New Doctor-Assisted Suicide Bill Introduced in California After Prior Bill and 2 Court Challenges Fail

Last October when Compassion and Choices (the former Hemlock Society) rolled out Brittany Maynard’s tragic assisted suicide story along with the establishment of a Brittany Maynard Fund to raise money to legalize doctor-assisted suicide throughout the US, the group was confident that this would be the tipping point in a movement that had stalled in other states.

The state of California was considered a sure thing for doctor-assisted suicide especially because Brittany Maynard and her family left California which had repeatedly rejected doctor-assisted suicide for Oregon, the first state to legalize such suicides. Nevertheless, People magazine and other mainstream media praised Ms. Maynard “heroism” in supporting doctor-assisted suicide and touted the “success” of such laws in the few states that had legalized it.

However, efforts to pass Senate Bill 128 failed in the California legislature this summer after efforts by disability, pro-life and other organizations to educate both legislators and the public about the dangers of doctor-assisted suicide.

Undaunted, Compassion and Choices then supported efforts to reverse the ban against assisted suicide with lawsuits filed by several terminally ill patients in two courts. However both courts, one in San Francisco and one in San Diego,  refused to overturn California’s ban on assisted suicide.

The well-funded pro-assisted suicide groups are nothing if not tenacious so it should not be a surprise that they have now unveiled a “new” and “improved”  doctor-assisted suicide bill called AB 15 End of Life Option Act with more so-called “safeguards”.

The reassurance of safeguards are critical to the selling of doctor-assisted suicide to a public understandably squeamish about allowing doctors to help some people to kill themselves.


There have been many articles about the problems with these alleged safeguards but they are rarely covered in mainstream media articles. The latest and one of the best is then August 15, 2015 US Conference of Catholic Bishops’ paper titled  “Assisted Suicide Laws in Oregon and Washington: What Safeguards?”,

For example, here is a portion of the paper that gives the real facts behind the alleged psychological counseling safeguard:

Despite medical literature on the frequent role of depression and other psychological problemsin choices for suicide, the prescribing doctor (and the doctor he selects to give a second opinion)are free to decide whether or not to refer suicidal patients for any psychological counseling.Even if such counseling is provided, its goal is to determine that the patient is not suffering from“a psychiatric or psychological disorder or depression causing impaired judgment.” Ore. Rev.Stat. 127.825; Rev. Code Wash. 70.245.060. The doctors or counselor can decide that, since depression is “a completely normal response” to terminal illness, the depressed patient’s judgment is not impaired…..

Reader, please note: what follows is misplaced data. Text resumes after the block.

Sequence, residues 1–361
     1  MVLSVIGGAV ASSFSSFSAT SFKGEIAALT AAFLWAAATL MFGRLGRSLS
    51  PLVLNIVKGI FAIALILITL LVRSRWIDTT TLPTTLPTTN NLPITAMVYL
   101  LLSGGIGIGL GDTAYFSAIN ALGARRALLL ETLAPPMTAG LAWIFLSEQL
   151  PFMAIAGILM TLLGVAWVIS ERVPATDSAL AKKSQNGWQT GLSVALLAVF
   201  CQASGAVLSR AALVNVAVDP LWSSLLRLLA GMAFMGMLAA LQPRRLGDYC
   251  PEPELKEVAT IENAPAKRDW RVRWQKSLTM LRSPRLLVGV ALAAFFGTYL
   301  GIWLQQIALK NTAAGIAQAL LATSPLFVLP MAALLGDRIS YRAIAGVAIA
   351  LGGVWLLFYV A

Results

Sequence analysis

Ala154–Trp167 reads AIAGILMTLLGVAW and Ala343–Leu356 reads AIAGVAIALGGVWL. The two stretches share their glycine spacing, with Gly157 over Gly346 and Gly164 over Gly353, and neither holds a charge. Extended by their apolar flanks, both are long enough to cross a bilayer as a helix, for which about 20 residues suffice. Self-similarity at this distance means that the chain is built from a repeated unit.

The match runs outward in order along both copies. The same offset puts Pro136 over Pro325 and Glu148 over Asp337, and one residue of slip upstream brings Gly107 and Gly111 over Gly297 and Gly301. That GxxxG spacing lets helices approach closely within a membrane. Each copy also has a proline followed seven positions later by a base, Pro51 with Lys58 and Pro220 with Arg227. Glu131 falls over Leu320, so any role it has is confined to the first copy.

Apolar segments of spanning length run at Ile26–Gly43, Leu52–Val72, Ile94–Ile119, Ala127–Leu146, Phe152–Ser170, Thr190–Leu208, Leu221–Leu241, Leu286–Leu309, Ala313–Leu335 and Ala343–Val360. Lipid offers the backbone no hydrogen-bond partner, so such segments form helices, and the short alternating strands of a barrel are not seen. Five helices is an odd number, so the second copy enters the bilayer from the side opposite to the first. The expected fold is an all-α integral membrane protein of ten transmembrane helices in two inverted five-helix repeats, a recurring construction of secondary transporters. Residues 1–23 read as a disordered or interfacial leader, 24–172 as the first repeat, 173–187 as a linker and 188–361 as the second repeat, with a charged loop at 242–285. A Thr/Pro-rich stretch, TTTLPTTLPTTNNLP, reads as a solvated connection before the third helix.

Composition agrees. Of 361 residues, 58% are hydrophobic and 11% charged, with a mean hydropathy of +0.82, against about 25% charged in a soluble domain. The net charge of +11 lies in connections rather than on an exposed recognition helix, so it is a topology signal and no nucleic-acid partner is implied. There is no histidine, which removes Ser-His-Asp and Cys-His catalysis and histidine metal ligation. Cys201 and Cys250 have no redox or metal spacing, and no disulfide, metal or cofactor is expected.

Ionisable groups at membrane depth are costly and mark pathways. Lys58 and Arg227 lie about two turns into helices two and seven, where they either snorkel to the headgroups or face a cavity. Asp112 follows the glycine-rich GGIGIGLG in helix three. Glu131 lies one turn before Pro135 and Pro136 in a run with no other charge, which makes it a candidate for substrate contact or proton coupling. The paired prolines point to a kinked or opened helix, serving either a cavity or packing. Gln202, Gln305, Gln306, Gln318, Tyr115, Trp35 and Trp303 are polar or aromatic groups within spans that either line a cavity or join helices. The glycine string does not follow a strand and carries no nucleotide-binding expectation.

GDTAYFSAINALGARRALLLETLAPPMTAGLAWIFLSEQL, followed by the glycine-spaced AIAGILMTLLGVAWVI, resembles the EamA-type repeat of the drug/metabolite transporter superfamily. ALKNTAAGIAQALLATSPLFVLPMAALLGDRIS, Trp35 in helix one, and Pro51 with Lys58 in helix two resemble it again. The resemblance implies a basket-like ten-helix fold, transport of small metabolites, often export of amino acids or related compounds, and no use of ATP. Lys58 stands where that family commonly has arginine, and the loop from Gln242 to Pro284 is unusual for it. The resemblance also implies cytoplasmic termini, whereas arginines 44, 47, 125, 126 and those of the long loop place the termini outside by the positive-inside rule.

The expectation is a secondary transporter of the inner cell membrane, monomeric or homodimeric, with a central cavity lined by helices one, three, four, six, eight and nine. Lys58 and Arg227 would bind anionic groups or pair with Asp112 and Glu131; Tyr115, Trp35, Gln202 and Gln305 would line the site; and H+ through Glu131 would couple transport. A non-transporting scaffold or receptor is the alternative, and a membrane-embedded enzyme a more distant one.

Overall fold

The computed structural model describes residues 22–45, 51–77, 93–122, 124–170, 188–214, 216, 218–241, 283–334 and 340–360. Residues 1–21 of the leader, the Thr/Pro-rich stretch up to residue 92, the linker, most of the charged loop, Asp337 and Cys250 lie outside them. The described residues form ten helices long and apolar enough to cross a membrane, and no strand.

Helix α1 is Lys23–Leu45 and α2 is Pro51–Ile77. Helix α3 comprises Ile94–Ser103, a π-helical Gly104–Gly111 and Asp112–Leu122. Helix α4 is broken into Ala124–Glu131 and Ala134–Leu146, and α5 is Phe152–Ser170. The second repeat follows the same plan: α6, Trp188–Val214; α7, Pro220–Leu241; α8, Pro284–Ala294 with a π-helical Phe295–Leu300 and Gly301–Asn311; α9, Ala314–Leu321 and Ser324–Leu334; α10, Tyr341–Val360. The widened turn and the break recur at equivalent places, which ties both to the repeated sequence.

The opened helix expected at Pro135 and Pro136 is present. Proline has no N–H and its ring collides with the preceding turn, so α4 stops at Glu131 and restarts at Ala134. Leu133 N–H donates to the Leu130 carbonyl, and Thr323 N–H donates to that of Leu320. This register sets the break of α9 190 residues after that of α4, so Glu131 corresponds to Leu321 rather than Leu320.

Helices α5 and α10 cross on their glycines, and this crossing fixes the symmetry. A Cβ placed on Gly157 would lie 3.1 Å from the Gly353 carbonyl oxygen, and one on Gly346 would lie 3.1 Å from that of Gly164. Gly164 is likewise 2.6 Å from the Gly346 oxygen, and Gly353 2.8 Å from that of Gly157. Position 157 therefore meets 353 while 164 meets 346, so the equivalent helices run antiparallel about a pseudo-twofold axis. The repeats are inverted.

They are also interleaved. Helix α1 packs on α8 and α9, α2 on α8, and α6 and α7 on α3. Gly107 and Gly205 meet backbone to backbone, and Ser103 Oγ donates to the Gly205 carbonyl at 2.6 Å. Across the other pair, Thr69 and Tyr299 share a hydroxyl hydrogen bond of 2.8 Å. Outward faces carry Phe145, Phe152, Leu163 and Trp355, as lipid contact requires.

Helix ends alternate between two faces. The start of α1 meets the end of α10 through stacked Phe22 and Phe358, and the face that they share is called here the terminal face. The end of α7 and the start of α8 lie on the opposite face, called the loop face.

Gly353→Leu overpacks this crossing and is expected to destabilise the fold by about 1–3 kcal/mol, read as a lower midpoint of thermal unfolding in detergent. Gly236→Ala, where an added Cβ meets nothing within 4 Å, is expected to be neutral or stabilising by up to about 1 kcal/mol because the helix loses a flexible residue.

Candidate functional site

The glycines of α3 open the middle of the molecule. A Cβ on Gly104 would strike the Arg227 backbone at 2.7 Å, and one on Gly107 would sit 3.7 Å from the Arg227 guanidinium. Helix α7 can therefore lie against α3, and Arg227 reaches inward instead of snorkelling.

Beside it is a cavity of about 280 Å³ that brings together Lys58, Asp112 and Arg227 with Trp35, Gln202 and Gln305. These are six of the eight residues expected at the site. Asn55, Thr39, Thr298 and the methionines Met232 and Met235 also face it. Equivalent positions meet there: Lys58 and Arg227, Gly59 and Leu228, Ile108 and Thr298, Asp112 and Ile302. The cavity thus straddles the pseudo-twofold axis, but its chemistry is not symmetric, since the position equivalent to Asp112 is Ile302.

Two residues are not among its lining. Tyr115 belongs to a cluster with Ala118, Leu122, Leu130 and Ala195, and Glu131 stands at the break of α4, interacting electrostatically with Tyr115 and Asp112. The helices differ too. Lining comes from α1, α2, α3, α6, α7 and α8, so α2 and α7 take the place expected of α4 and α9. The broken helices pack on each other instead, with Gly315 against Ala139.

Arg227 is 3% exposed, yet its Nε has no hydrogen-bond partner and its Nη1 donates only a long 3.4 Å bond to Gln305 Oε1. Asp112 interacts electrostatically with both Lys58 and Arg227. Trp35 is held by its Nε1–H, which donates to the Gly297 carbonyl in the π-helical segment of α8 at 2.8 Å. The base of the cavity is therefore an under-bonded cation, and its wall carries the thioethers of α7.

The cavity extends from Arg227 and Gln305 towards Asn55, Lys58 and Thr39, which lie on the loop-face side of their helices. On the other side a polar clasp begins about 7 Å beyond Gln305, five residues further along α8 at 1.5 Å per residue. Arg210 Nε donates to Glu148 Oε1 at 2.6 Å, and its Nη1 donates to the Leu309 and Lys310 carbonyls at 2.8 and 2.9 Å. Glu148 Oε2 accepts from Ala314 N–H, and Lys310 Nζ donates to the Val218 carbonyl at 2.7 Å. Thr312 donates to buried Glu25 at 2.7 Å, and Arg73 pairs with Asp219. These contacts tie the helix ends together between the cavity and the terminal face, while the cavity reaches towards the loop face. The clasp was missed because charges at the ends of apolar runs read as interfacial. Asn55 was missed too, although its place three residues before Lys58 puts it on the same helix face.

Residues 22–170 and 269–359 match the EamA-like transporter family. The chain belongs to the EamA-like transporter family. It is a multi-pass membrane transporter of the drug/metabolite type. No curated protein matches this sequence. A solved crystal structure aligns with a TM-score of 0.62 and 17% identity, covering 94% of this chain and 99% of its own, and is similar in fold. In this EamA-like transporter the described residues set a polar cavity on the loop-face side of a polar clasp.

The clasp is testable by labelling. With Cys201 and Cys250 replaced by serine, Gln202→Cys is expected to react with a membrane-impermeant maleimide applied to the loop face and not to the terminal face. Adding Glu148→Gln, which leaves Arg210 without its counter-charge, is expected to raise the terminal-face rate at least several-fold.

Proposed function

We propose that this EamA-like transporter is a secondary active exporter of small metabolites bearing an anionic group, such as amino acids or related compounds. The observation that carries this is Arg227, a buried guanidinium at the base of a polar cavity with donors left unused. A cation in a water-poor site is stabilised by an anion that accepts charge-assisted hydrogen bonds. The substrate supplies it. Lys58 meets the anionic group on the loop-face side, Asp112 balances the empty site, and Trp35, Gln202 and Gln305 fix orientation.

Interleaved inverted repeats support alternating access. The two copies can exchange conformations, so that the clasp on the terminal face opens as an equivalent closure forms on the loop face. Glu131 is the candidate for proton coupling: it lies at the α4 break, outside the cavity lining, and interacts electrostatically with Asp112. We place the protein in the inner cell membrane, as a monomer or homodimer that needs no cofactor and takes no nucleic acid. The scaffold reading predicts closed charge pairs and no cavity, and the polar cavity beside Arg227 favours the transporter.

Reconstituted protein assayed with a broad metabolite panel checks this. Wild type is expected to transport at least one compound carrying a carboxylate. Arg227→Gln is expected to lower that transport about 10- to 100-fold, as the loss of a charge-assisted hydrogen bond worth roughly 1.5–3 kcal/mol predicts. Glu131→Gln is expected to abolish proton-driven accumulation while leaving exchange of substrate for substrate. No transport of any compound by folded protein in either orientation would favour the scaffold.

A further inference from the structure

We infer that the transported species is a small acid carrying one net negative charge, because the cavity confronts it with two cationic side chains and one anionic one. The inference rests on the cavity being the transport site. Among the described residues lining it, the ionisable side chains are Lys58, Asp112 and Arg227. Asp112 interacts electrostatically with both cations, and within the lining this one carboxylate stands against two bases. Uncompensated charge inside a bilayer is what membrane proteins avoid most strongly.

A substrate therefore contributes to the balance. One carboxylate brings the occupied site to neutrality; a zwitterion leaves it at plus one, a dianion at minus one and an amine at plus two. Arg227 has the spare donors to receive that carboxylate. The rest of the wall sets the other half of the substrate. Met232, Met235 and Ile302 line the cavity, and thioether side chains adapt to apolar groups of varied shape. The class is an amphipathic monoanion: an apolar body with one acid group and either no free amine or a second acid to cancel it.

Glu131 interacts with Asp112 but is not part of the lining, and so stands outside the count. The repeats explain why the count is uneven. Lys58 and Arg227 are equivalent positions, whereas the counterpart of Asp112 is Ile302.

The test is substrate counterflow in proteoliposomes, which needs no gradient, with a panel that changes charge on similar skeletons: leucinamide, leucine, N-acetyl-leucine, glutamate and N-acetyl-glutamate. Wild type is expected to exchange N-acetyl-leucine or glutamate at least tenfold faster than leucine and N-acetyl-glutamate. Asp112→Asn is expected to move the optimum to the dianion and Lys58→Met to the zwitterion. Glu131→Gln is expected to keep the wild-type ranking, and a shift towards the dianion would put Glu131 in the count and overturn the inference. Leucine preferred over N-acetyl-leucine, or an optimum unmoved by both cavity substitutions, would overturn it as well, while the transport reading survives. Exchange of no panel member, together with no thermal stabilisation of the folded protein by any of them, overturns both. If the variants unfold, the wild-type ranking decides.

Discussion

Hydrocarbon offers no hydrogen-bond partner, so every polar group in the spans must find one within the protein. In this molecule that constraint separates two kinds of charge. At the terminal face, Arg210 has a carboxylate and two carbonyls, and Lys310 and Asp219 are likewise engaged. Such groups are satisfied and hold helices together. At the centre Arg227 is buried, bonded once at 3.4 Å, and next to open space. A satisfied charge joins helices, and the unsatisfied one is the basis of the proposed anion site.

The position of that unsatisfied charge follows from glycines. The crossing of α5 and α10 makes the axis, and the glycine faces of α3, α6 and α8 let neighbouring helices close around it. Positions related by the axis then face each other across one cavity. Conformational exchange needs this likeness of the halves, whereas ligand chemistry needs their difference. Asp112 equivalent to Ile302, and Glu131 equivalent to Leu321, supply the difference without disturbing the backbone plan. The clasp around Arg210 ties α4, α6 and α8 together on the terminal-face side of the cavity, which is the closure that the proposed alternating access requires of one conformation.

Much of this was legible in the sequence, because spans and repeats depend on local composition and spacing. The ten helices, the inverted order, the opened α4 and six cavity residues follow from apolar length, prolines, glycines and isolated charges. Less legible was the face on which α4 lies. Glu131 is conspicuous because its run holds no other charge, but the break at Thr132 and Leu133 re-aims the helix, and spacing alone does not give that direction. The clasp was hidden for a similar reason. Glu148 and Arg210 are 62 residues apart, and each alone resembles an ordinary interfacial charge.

From 1998 to 2012, on average only 6.2% of patients who died under the Act in Oregon were referred for counseling to check for “impaired judgment.” Of 108 patients who died under the (Oregon) Act in 2007 and 2009, none was referred for psychological evaluation. In Washington, only 4% of patients are known to have been referred for such counseling in 2014 (six of the 167 who died from any cause after receiving the prescription); the state does not report whether any of those who actually ingested the lethal drugs had been referred for counseling.
 In another section, the paper relates what happened with an Oregon physician despite the alleged safeguard that an assisted suicide request must come from a competent, terminally ill person:
An Oregon emergency room physician was asked by a woman to end the life of her mother who was unconscious from a stroke. He tried to stop her breathing or heartbeat in several ways,finally giving a lethal dose of a paralyzing drug to the older woman who died minutes later. The state board of medical examiners reprimanded the doctor but he faced no criminal charges for this direct killing–which news reports called a case of “assisted suicide”–and he later resumed medical practice.


Unfortunately, even my home state of Missouri which has laws against assisted suicide had a case similar to the one referenced here about the Oregon physician who gave a lethal overdose. This 2001 Missouri case involved a nurse. The nurse gave a lethal overdose without a doctor’s order to a patient who had a stroke the day before but wouldn’t stop breathing when taken off a ventilator. After the patient’s son voiced support for the nurse, she was only sentenced to 5 years’ probation.

The point is that when so-called “safeguards” are accepted (and routinely ignored) in states that do have legalized doctor-assisted suicide amid an aggressive national campaign to legalize doctor-assisted suicide as a civil right, there has been a chilling effect on prosecutors and juries even in other states that have rejected assisted suicide as long as “compassion” is given as the reason for ending life.

Ominously, in other countries like Belgium and Holland, the practice of doctor-assisted suicide for the terminally ill adult has  evolved over the years to now include children, people with mental illness and even people who are only “tired of life.”

Are we willing to risk a similar fate here?